Cape Fullerton (Qatiktalik in Inuktitut) is a cape and peninsula in the Kivalliq Region of Nunavut, Canada located on the northwest shores of Hudson Bay on Roes Welcome Sound and includes Fullerton Harbour. Today it is part of Ukkusiksalik National Park. Although Cape Fullerton was traditionally home to migrant Inuit people including the Aivilingmiut and the Qaernermiut (Caribou Inuit), today the nearest permanently populated settlement is Chesterfield Inlet, roughly 100 kilometers to the southwest.
Map of Cape Fullerton, Nunavut, Canada
In the early 1900s, Fullerton Harbour was a popular wintering station for American and Scottish whaling ships and a trading point between the Inuit and the southern whalers. In September 1903, the first North-West Mounted Police outpost was established at Cape Fullerton both to establish Canadian sovereignty as well as to administer whaling licenses, collect customs, control liquor, and maintain order. The NWMP closed about 1914.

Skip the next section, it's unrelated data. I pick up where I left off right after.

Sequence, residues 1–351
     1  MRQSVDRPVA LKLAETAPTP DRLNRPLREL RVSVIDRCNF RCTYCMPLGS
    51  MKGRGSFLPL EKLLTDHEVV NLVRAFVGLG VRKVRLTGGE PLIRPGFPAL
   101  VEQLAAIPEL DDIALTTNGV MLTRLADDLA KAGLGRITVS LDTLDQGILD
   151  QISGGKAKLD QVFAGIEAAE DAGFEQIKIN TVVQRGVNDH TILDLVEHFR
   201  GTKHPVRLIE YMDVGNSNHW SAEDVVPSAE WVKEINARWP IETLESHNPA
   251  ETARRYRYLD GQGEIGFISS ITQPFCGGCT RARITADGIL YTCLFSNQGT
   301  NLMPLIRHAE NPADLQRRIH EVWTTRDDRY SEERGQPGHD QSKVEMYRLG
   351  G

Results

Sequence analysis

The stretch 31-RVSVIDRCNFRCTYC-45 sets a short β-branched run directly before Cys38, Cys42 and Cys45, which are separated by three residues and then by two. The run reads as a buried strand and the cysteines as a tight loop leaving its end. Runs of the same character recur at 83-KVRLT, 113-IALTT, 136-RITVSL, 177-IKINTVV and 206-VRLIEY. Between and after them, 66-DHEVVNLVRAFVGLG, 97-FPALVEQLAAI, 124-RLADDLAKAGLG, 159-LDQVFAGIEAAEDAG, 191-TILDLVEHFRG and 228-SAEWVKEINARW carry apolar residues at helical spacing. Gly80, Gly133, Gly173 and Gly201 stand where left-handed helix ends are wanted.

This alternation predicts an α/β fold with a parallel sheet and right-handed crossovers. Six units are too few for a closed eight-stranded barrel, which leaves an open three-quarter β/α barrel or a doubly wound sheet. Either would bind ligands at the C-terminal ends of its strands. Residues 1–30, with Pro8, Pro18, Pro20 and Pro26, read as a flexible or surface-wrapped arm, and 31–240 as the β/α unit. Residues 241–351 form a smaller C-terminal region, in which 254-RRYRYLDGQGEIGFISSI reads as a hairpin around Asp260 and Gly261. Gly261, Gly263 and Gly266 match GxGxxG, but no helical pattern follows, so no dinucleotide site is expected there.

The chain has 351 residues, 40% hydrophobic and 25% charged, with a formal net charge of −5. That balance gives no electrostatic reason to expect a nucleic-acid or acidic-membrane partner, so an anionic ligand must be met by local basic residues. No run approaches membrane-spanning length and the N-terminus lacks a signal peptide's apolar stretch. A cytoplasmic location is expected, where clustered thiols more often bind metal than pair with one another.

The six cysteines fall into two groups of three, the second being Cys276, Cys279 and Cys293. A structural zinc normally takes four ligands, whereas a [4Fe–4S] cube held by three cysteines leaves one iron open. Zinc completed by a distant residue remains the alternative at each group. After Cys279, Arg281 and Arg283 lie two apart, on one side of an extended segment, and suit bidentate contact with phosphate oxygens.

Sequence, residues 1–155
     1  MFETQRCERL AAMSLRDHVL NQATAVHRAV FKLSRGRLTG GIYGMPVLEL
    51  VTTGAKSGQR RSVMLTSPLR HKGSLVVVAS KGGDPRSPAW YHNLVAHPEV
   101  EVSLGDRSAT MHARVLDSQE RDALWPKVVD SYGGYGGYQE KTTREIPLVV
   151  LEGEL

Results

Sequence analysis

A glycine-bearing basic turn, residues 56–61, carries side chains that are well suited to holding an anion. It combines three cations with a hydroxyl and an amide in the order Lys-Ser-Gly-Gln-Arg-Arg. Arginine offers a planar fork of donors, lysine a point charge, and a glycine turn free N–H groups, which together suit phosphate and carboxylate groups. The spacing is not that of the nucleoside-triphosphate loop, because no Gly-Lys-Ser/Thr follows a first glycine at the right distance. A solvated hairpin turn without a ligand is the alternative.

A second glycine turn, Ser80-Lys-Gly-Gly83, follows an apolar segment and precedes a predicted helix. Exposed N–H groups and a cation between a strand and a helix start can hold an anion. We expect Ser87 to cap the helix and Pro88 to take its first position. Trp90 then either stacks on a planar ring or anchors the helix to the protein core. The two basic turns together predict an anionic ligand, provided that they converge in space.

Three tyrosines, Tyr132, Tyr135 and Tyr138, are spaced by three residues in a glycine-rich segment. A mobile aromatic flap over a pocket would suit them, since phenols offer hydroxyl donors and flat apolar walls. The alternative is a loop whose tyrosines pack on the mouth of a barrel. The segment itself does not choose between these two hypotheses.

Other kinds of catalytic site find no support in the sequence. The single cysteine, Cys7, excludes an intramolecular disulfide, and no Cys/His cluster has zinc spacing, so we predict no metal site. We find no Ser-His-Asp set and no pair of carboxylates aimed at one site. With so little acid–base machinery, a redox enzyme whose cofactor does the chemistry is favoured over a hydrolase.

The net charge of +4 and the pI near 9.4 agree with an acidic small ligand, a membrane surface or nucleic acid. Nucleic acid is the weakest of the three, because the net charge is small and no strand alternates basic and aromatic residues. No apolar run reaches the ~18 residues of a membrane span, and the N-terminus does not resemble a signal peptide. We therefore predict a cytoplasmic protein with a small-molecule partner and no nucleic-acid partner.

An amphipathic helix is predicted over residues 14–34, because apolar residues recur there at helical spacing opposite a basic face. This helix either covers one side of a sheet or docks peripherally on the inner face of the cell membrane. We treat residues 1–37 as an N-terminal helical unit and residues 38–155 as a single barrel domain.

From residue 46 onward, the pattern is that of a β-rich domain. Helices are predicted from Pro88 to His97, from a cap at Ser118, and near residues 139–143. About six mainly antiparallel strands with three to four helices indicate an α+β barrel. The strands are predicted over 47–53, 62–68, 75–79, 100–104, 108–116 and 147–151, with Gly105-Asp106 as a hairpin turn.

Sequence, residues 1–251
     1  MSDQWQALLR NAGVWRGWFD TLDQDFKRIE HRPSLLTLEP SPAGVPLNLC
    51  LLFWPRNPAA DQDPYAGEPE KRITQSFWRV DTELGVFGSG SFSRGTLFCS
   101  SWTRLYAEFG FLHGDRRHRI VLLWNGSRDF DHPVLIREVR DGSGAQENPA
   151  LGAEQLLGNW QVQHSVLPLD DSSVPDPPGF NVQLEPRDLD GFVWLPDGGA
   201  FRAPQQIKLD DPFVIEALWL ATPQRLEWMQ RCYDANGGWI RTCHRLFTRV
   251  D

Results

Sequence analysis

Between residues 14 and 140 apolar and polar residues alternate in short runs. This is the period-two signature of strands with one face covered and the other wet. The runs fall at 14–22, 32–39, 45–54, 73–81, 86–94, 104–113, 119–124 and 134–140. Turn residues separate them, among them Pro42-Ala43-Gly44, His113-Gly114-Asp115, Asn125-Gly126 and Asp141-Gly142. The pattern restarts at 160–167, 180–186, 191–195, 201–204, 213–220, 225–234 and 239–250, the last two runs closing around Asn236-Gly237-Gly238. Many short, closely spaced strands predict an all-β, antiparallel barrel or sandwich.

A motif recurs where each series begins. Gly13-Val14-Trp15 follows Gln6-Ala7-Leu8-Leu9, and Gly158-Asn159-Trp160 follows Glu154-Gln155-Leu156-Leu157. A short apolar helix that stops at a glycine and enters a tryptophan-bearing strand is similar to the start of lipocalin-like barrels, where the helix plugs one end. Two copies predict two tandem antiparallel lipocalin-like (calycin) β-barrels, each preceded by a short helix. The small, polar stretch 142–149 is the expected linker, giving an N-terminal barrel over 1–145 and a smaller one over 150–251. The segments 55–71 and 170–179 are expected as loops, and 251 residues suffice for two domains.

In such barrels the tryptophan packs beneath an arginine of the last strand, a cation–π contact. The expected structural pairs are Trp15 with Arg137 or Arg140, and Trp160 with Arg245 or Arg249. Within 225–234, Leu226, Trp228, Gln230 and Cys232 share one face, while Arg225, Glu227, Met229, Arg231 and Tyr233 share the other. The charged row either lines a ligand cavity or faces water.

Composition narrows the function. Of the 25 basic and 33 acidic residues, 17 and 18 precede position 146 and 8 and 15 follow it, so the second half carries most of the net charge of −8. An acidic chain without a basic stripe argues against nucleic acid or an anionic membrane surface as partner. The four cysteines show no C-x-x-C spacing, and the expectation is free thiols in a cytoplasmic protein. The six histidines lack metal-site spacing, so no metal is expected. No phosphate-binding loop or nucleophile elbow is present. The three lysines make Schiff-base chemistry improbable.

From 1915 until 1919, Captain George Cleveland (1871–1925) ran a trading post at Fullerton Harbour, under the employ of furrier F. N. Monjo of New York City. In 1919, the Hudson's Bay Company obtained the post and Cleveland moved it to Repulse Bay. It was also in 1919 that Captain George Comer grounded his schooner, the Finback, at Cape Fullerton; it was to be his last Arctic voyage.
In 1924, an old carpenter’s shop and an outbuilding were dismantled from the remains of Cape Fullerton Outpost and the lumber shipped to Chesterfield Inlet.
In the winter of 1940-41, "the disused Police barracks at Fullerton Harbour" were still being used for refuge for travelers.